Acupuncture may benefit people who have memory loss, but don’t yet have dementia, suggests a review by Chinese researchers of five earlier studies.
Nothing has yet been proven to halt the progression to dementia in those who are destined to progress. But, acupuncture used alone or along with another treatment, such as the medication nimodipine, might help retain some memory function, the researchers said.
But several doctors not involved with the review said it was too soon to say that acupuncture might be effective against dementia.
For the study, Min Deng and Xu-Feng Wang, from Wuhan University in China, reviewed five previously published studies done in 2012 and 2013.
The trials included nearly 600 people with mild cognitive impairment, a type of memory loss that’s considered pre-dementia. About 5 percent to 10 percent of people with mild cognitive impairment develop dementia each year, the study authors noted.
The researchers concentrated on people who had a specific form of mild cognitive impairment called amnestic. People with this type of impairment are even more likely to develop dementia, the review authors said.
The studies compared the benefit of acupuncture alone versus nimodipine. Or, looked at the two treatments together compared to nimodipine alone.
Patients received treatment three to five times a week for eight weeks in four trials. The fifth trial lasted for three months.
The combined data from all five trials showed that those receiving acupuncture did better than those on nimodipine alone.
The acupuncture patients scored better on two tests of memory and dementia: the mini-mental state exam (a 30-point questionnaire that measures mental impairment), and picture recognition.
In addition, the combination of acupuncture and nimodipine improved scores on the mini-mental state exam compared with nimodipine alone, the researchers found.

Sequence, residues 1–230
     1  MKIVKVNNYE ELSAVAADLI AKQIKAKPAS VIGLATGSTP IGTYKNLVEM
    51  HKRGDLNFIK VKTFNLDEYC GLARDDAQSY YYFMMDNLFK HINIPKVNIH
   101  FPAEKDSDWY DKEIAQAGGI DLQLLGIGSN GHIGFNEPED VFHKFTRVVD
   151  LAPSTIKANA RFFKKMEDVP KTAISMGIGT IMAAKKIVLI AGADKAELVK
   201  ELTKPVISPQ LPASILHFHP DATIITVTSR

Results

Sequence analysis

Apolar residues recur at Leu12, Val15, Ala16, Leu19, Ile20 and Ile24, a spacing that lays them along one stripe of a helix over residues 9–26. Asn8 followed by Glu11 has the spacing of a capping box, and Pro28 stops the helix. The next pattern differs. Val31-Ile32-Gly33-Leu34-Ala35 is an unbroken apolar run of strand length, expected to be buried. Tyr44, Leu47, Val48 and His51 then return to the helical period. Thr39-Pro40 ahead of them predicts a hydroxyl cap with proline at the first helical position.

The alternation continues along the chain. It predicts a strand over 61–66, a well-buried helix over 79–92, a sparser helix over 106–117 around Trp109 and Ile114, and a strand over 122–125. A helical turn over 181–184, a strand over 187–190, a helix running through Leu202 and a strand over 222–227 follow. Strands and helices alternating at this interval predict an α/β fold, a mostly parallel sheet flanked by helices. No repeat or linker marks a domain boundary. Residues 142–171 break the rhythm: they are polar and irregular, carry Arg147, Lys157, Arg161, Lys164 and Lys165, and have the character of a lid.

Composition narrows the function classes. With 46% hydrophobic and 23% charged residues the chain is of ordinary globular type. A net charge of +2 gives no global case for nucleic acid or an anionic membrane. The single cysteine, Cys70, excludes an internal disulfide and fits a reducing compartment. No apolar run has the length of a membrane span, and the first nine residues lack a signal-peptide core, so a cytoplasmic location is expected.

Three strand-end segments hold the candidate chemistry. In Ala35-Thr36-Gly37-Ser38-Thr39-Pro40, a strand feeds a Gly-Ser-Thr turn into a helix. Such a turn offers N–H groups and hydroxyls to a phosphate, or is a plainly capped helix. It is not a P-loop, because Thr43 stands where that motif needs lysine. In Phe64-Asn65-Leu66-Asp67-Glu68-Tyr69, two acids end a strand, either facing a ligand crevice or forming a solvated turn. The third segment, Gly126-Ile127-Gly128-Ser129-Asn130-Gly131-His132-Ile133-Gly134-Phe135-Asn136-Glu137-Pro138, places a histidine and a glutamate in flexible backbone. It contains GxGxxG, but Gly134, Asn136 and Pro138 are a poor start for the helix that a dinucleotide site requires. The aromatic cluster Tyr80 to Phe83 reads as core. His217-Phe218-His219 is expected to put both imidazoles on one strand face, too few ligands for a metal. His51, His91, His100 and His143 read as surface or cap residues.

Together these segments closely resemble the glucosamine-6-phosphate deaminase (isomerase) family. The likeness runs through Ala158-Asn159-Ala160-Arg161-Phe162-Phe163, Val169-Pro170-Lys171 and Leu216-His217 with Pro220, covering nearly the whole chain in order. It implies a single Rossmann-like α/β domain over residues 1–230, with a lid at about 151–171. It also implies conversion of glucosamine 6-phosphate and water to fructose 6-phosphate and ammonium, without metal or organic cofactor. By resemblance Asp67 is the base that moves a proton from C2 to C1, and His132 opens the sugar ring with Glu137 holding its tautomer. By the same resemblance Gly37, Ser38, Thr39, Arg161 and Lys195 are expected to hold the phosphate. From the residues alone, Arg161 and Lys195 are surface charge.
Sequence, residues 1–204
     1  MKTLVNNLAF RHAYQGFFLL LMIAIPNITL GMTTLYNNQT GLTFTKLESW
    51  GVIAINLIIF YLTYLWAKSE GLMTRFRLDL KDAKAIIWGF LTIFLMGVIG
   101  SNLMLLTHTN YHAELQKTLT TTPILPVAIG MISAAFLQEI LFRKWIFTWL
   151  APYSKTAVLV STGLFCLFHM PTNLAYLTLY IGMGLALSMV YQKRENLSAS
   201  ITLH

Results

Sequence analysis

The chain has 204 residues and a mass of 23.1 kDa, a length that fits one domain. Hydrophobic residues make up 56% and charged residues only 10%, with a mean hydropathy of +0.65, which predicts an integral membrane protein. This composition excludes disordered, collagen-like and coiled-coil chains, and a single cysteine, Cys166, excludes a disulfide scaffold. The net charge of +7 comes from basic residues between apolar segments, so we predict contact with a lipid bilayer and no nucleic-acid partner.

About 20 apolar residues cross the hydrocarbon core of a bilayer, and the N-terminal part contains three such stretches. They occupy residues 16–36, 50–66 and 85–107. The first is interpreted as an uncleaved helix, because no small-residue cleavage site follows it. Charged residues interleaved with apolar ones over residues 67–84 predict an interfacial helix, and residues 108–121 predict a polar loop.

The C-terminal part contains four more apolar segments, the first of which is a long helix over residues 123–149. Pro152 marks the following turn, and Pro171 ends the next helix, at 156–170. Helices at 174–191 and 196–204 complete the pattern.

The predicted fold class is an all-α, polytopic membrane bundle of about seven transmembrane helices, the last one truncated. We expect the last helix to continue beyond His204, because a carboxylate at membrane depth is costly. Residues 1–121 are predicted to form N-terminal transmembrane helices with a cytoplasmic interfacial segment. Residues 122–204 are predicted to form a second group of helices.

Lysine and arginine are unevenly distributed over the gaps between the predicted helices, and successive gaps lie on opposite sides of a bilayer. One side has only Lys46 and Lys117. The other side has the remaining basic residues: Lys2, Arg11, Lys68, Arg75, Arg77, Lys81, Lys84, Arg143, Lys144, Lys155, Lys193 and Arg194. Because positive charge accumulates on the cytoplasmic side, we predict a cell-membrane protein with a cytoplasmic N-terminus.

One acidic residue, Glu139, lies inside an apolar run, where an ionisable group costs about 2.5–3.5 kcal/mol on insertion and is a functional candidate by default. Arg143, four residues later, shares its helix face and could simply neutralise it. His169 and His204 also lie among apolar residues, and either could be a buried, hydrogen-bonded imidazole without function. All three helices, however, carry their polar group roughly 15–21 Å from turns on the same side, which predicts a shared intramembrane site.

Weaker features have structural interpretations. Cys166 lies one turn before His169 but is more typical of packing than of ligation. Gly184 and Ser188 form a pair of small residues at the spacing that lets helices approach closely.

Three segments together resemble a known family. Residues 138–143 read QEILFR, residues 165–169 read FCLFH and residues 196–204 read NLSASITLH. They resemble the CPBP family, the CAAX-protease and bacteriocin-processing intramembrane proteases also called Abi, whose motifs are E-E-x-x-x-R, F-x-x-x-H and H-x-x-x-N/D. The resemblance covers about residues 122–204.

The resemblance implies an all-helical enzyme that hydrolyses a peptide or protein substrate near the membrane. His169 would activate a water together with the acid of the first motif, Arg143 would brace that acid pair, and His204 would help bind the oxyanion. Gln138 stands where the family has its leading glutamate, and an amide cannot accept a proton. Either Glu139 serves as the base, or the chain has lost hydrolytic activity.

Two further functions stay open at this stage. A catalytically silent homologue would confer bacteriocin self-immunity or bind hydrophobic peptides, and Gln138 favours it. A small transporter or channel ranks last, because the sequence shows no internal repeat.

Three trials reported side effects, which for acupuncture included fainting during treatment and slow bleeding at the needle sites. Side effects reported for nimodipine included nausea, constipation and mild headache, according to the report.
Dr. Remy Coeytaux is an associate professor in community and family medicine and an acupuncture researcher at Duke University in Durham, N.C. He was one of the experts reluctant to embrace the review’s findings.
“The studies suggest that acupuncture is effective, but my degree of confidence in this finding is low, [but] it’s not zero,” Coeytaux said.
The problem is that “the quality of the studies really was poor, so that puts a damper on the findings, because it’s hard to trust the data from the original studies,” explained Coeytaux.
“There is high risk of bias in all the studies,” he added.
Coeytaux suggested that some of the benefit seen from acupuncture might be a placebo effect. But, it’s impossible from this review to know how much, if any, was a placebo effect, he explained.
What is known is encouraging, but there is need for a larger, better designed trial to really see if acupuncture can help, he said.
However, because there aren’t any really effective treatments for memory loss, trying acupuncture is something patients can do — it may not help, but it won’t hurt, Coeytaux noted.
Another review skeptic is Dr. Sam Gandy, director of the Center for Cognitive Health at Mount Sinai Hospital in New York City. “I tend to believe some holistic interventions when properly executed,” he said.
For example, Gandy noted that meditation in Alzheimer’s disease patients is potentially credible and promising.
“That said, I don’t believe anything until it is independently replicated,” he said.
“I can imagine some ways in which acupuncture might increase alertness and attention and thereby memory, but I would want to see independent replication,” Gandy added.
The new report was published Aug. 4 in the journal Acupuncture in Medicine.
For more about acupuncture, visit the U.S. National Center for Complementary and Integrative Health.